Ex-F1 driver Karun Chandhok says a “bitter” Valtteri Bottas was a recent example of a driver discovering the “poisoned chalice” of going up against a “genius” team-mate in Lewis Hamilton.
Bottas was drafted in by Mercedes ahead of the 2017 season, the Finn replacing compatriot Nico Rosberg who had beaten Lewis Hamilton to the 2016 title and retired shortly after.
A key Mercedes aim was for Bottas to maintain a more harmonious partnership with Hamilton after his turbulent stint alongside Rosberg, and while that was achieved, Bottas was never able to realise his own goal of mounting a title bid against his seven-time World Champion team-mate.
2021 would be the final season of that partnership, Bottas then departing for a fresh challenge and his first multi-year deal at Alfa Romeo, with Chandhok claiming that Bottas had become angrier and “bitter” as the defeats stacked up.
This, though, is something which Bottas was far from the first to experience up against a superstar team-mate.
“He just got more and more angry and frustrated and bitter about it,” said Chandhok on the Sky Sports F1 podcast.
“But I think of someone like Eddie Irvine, or someone like David Coulthard when he was up against Mika [Hakkinen] and there was a period where he was getting angrier and angrier, but then at some point, you just go, ‘there’ll be a year where the car suits me a bit better, and I’ll have a chance’.
“But actually, guess what, you can have nine years at McLaren or whatever, make a lot of money, win some great races and build a great career.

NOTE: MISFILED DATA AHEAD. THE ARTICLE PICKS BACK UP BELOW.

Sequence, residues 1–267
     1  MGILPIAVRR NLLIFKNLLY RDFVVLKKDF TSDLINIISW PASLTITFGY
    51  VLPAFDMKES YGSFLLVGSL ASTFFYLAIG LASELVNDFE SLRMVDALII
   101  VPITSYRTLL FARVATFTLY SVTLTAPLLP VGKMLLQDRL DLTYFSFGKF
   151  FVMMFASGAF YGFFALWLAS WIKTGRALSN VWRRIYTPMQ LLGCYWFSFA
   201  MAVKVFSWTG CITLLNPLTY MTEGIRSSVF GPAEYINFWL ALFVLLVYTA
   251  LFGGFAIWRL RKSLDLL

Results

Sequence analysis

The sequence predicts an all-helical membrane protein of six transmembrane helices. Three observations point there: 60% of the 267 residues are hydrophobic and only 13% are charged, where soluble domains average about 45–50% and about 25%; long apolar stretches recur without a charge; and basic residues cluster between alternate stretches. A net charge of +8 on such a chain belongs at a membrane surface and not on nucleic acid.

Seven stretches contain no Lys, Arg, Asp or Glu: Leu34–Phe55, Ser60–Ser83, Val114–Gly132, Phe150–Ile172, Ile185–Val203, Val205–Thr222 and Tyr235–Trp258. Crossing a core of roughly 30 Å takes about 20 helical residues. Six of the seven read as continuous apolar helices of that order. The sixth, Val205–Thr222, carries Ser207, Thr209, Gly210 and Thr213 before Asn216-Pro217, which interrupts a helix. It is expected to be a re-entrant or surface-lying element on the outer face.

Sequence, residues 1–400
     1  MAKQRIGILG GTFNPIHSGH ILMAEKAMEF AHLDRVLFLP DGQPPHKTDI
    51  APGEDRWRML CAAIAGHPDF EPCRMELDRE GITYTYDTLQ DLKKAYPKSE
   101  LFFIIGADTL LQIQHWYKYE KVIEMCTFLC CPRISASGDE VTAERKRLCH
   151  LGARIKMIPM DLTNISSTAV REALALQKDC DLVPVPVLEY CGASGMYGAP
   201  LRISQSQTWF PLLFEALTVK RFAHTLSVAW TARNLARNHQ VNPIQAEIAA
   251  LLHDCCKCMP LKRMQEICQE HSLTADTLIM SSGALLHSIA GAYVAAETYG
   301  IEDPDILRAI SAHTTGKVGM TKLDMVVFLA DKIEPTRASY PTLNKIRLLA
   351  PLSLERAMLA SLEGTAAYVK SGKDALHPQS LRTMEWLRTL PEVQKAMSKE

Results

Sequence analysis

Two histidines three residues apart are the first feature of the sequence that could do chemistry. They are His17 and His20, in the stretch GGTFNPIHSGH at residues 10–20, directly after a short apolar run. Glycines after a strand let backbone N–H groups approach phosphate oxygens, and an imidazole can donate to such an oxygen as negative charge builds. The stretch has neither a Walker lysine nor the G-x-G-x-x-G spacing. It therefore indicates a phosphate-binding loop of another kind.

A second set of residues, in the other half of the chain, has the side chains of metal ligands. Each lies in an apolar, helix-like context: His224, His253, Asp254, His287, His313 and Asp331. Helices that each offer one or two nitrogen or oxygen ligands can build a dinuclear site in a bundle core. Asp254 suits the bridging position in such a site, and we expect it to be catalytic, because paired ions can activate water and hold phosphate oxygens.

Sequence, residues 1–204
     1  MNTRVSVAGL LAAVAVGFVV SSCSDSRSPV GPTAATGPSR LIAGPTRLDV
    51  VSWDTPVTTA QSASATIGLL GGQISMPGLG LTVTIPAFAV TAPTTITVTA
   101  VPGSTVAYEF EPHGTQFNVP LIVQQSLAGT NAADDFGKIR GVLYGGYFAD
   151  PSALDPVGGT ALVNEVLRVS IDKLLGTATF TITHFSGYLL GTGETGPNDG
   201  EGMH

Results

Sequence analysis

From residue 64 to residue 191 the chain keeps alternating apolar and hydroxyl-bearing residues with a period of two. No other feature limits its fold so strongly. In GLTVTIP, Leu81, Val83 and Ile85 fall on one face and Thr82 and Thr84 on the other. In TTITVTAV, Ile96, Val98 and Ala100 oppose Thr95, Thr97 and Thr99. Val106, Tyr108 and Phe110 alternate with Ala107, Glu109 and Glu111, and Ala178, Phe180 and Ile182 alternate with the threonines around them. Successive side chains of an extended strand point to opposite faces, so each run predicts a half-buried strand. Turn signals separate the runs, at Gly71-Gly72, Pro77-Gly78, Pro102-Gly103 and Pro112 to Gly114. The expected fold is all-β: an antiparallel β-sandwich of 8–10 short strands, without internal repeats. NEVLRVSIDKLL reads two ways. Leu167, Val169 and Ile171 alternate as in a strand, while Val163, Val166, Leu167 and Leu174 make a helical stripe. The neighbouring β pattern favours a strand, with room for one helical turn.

“And this is it, I think it’s a poisoned chalice if your team-mate to Max [Verstappen], Lewis, [Michael] Schumacher, etc.
“It is quite good, because it means you’re inevitably in one of the best cars on the grid, or one of the top three, but the downside is you’re always compared to the genius in the other car.”
And to that point, Chandhok says Sergio Perez is now the one finding this out as he attempts once more to challenge team-mate Verstappen for the 2023 title, with Verstappen chasing his third World Championship in as many campaigns.
The season is threatening to feature a Red Bull-exclusive battle between the drivers, with Verstappen taking three wins to Perez’s two across the opening five rounds.
“There’s no shame in being beaten by Max Verstappen I think,” Chandhok claimed, “if you look at the history of the sport, every five, six, seven years, a genius comes along.
“Before Max was Lewis, before Lewis was Fernando [Alonso] and Kimi [Raikkonen] sort of came together, you had Michael [Schumacher], [Ayrton] Senna, [Alain] Prost.
“And if you can take the odd win off one of these geniuses and finish behind them and rack up a whole bunch of wins, he would have had a very good Formula One career frankly.”
As for Bottas, while he can no longer chase the kind of results at Alfa Romeo that he enjoyed with Mercedes, the Finn has been able to let his personality shine through with the security he has in that project, leading the team which will become Audi as of 2026.
And it is a journey for Bottas which Hamilton has certainly noticed, telling media, including PlanetF1.com, that it is “great to see him flourish”.